Keep Your Eyes On The Road
Ever pass an old clanger whose shocks are rattling, belching smoke from the exhaust and wing mirror askance (or missing)? No doubt your first thought was “that old rust bucket is a bloody liability. It’s an accident waiting to happen”.
You might be right, but it turns out that when it comes to road safety, people matter much more in terms of what should be on the road (your eyes), and off it (you if you’ve been drinking).
But, you’re not alone in your thinking says Layton Beard of the AA. “While many South Africans may believe unroadworthy vehicles are responsible for road crashes, the reality is that human behaviour and poor driving habits are actually the bigger contributor.”
Beard cites data from the Road Traffic Management Corporation (RTMC), which shows that there were 14 051 deaths on South Africa’s roads last year. Among these, 91 per cent were caused by driver behaviour, 5 per cent were related to road and environmental factors, with vehicle factors making up only 3 per cent – a 50 per cent decline from 2016.
“What this tells us is that while vehicles need to be in proper working condition and roadworthy, the mindset of drivers and the way they behave on roads needs urgent attention if the fatality numbers – and the number of annual crashes – are to decrease,” says Beard.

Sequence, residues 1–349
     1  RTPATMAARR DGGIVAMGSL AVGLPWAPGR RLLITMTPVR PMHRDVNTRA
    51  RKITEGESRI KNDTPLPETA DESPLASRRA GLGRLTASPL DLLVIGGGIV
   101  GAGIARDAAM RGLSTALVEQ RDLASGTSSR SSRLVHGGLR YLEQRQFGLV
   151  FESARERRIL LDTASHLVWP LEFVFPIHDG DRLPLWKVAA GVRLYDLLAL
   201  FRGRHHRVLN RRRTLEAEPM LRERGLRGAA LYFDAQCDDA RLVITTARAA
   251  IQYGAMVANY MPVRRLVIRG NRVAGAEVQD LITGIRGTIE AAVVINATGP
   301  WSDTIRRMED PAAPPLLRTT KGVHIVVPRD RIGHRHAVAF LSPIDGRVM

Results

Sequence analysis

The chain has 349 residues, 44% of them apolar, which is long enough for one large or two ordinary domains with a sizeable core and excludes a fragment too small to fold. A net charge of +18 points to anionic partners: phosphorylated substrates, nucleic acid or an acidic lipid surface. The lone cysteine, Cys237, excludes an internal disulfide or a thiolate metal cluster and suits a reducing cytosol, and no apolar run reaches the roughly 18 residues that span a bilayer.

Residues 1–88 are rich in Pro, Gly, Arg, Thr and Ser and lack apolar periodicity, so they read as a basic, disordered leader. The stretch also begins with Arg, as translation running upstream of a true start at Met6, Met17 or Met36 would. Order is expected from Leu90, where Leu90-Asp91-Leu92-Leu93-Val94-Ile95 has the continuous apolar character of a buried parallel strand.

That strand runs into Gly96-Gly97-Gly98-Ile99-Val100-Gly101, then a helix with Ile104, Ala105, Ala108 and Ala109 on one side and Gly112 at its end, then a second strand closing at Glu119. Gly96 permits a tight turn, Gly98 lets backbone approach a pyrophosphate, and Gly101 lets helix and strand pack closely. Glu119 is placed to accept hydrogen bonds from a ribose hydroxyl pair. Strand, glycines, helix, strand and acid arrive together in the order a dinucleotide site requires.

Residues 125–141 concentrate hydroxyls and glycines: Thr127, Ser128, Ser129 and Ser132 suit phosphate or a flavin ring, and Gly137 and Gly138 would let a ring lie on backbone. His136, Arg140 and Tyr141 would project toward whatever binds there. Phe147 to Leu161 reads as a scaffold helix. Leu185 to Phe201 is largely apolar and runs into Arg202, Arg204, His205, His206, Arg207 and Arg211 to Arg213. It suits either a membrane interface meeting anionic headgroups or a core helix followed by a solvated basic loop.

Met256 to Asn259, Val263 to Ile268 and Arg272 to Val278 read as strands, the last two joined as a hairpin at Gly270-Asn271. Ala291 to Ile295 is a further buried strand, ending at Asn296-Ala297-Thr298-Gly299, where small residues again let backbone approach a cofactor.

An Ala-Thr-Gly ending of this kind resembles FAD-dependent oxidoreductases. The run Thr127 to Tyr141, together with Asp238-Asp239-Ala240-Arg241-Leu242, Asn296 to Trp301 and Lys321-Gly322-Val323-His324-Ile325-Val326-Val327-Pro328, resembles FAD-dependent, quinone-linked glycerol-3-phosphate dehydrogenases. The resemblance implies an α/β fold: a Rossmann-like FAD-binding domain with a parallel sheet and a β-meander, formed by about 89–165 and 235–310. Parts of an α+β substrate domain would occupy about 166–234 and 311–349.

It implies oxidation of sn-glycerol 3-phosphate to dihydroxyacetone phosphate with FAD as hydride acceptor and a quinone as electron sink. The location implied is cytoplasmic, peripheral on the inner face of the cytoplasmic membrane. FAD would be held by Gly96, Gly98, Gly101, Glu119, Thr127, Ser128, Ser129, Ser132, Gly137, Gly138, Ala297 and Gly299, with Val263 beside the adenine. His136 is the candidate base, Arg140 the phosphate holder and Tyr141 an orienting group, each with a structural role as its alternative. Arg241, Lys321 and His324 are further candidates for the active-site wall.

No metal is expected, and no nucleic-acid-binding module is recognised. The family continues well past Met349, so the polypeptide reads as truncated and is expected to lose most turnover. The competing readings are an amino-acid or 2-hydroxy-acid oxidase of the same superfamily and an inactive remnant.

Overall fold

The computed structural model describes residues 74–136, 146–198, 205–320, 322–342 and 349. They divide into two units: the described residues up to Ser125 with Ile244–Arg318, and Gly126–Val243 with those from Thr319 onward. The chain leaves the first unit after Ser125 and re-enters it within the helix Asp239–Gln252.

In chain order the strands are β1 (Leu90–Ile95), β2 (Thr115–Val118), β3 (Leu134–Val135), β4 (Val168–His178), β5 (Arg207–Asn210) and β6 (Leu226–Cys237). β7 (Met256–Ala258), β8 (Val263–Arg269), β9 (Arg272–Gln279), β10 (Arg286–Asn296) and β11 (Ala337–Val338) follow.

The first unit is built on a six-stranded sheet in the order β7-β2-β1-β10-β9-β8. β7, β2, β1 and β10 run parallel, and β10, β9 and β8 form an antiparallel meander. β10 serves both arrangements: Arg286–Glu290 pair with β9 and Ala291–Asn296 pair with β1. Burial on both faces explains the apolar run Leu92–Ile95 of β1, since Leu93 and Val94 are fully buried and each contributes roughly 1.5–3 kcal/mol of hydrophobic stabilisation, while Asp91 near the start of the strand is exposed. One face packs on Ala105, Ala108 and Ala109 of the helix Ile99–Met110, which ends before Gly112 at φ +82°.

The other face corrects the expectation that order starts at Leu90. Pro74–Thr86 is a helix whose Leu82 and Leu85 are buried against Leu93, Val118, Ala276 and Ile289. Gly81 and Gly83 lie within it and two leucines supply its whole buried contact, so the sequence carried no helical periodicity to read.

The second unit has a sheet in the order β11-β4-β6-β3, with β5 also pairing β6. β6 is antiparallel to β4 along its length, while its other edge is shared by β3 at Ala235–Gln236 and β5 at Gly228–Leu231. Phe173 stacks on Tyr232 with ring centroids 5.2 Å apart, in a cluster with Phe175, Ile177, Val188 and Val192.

Alcohol plays an enormous part in the danger on our roads, says Angus MacArthur, director of Alcohol Breathalysers. He points to research conducted by the World Health Organization, which cites 58 per cent of road crash fatalities in South Africa are related to alcohol. And, he says it’s not just drivers who need to watch their intake.
“Those who die could be a driver under the influence of alcohol, a pedestrian under the influence of alcohol who is jaywalking, a cyclist under the influence of alcohol, or a passenger killed when the crash was caused by a drunk driver – any scenario on the road involving alcohol,” says MacArthur.
Everyone should know the rules of the road, but many road users don’t follow them. “Unfortunately many South African drivers believe they are excellent drivers and that the laws don’t apply to them. This is cause for great concern,” says Beard.